BEIRUT — An extremist group embroiled in infighting with one of the largest Syrian rebel groups pledged allegiance to al-Qaida-linked militants in Syria Sunday, a move that threatens to deepen divisions in the already disparate insurgency.
The extremist group Jund al-Aqsa has been battling the powerful Ahrar al-Sham group in northern Syria for days, after the latter accused it of ambushing its leaders. Others said the fighting was triggered by the ultraconservative Ahrar al-Sham that attacked positions of the extremist Jund al-Aqsa group in several places.
The bloody infighting left a number of Ahrar al-Sham members dead and also stalled an offensive led by Jund al-Aqsa against government troops in the central Hama province.
Scores of Syrian rebel factions rallied behind Ahrar al-Sham, accusing Jund al-Aqsa of espousing extremist ideologies and seeking to dominate other rebel groups. In various statements, rebel factions accused Jund al-Aqsa of serving the extremist Islamic State militants, who are at odds with all Syrian insurgents, including the al-Qaida-linked Fatah al-Sham Front.
On Sunday, Fatah al-Sham Front announced Jund al-Aqsa would join its ranks “to stop the bloodshed.” The hand-written declaration was signed by the Fatah al-Sham’s leader Abu Mohammed al-Golani and his local commander of Jund al-Aqsa, Abu Diab al-Sarmini. “It is good news,” said Abu Dardaa al-Shami, a Jund al-Aqsa member.
The declaration is expected to put an immediate end to the infighting because Jund al-Aqsa will now enjoy the protection of the powerful Fatah al-Sham Front.
But the Syrian Observatory for Human Rights reported intense fighting after the declaration between Jund al-aqsa and Ahrar al-sham in the northern province of Idlib.
The declaration has also drawn criticism from other rebel groups, however, who see the move as divisive, providing cover for an extremist group. Charles Lister, a researcher who has focused on the al-Qaida affiliate, said the move constituted a “huge risk” for the Front, risking alienating other rebel groups.
Spokesman for Ahrar al-Sham Ahmed Karali said his group was not consulted about the move and vowed his group would continue its fight against Jund al-Aqsa.
“The decision to uproot them was taken in consultation with other rebel groups and we will not halt a task we started,” Karali said in a statement.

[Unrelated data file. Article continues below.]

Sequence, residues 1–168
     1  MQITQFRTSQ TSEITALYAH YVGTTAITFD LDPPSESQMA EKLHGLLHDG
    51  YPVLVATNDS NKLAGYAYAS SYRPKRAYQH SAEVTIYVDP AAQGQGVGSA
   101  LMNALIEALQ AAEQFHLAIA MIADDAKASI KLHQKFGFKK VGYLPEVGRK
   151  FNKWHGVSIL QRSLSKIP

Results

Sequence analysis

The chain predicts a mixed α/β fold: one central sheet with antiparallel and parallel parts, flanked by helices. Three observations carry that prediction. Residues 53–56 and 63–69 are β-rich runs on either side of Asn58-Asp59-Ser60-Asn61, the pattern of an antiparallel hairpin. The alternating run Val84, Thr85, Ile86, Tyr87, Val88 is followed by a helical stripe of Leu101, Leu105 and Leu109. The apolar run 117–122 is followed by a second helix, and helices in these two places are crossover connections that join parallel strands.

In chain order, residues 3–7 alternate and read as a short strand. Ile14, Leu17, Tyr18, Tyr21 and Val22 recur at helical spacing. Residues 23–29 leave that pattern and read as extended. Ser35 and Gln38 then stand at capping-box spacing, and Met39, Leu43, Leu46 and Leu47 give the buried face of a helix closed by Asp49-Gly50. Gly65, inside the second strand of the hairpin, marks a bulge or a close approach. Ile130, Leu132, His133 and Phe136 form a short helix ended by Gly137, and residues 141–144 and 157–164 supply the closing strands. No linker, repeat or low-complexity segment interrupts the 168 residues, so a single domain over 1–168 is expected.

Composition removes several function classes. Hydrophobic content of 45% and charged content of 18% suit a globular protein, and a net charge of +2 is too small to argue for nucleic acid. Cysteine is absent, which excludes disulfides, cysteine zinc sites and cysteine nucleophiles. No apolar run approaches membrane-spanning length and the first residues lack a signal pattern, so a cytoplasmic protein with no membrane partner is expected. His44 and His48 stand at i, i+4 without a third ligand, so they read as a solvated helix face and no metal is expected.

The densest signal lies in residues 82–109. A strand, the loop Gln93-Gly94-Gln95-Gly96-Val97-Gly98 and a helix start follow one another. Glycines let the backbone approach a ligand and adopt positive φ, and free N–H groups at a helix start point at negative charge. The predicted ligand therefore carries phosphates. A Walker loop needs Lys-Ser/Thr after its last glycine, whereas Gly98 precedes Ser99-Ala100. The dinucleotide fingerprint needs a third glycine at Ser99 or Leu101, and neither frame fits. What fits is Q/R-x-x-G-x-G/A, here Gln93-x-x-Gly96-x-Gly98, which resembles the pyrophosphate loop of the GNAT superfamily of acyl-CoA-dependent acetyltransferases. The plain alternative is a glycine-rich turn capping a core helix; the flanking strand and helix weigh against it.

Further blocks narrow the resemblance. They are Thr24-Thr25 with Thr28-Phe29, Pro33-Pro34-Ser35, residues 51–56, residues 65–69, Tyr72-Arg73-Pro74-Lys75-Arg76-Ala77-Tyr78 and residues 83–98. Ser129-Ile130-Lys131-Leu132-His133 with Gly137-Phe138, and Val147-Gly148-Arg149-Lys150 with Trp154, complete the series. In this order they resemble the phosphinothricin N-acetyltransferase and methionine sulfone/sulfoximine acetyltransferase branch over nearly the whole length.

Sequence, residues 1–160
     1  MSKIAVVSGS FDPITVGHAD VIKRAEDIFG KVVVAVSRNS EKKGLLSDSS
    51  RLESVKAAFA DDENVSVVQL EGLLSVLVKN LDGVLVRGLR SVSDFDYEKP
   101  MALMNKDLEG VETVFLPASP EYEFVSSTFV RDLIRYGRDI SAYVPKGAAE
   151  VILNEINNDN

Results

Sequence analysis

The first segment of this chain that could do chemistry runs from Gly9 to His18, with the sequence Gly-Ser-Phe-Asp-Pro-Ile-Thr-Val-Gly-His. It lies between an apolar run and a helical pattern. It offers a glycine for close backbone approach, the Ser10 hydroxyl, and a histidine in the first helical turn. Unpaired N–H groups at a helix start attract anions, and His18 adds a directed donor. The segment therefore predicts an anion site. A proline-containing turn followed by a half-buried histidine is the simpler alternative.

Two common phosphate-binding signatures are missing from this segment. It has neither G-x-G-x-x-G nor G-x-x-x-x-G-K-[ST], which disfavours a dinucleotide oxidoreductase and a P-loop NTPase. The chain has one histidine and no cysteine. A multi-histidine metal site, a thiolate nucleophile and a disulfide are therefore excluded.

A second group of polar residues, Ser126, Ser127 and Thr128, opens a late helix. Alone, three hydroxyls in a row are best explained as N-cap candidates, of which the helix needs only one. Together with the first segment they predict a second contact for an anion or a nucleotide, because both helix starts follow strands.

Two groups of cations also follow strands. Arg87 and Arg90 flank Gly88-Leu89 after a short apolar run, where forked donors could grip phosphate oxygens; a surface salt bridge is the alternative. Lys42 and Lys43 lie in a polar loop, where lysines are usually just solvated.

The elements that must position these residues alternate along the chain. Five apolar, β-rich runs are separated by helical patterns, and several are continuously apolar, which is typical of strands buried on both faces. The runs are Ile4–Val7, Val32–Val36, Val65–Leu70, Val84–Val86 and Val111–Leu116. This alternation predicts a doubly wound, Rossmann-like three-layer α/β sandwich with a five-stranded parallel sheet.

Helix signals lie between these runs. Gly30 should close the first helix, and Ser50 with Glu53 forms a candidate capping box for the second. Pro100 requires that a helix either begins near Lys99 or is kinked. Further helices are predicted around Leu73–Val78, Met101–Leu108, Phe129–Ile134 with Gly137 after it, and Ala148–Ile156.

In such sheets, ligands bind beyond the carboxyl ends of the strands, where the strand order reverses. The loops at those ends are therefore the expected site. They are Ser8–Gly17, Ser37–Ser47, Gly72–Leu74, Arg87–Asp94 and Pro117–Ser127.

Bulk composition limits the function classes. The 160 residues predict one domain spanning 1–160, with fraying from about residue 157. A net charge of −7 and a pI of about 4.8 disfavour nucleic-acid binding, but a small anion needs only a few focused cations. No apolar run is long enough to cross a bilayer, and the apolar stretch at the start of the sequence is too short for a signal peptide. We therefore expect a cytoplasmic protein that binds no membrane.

Yasser Alyousef, a member of the Nour el-Din el-Zinki rebel group, said his group would hate to see Fatah al-Sham offer “refuge to extremists,” warning that it may lead to another incarnation of the Islamic State group.
“All factions have united to fight against Jund al-Aqsa until it dissolves or is uprooted,” Alyousef said. “Any attempt to dilute the issue … or offering superficial solutions is treason to the blood of martyrs.”
The Fatah al-Sham Front has been working to improve its image and distance itself from al-Qaida. In July, its leader, al-Golani, publicly showed his face for the first time in a video in which he announced the group’s name change and said it was cutting ties with the international terror organization.
The group, which already operates closely with other rebel factions, has also been in talks to announce a merger with other groups. Such a move would represent a new dilemma for Washington, which has urged rebel factions to distance themselves from al-Qaida-linked militants. Targeting Fatah al-Sham was one of the most contentious points in the talks to coordinate efforts in Syria between the U.S. and Russia.
Jund al-Aqsa, which was originally a sub-faction of al-Qaida’s affiliate in Syria, has acted as an independent group for some time and, unlike Fatah al-Sham, is considered extremist by most other rebel groups.
In September, The U.S. State Department declared Jund al-Aqsa a terrorist organization.
Associated Press writer Bassem Mroue contributed to this report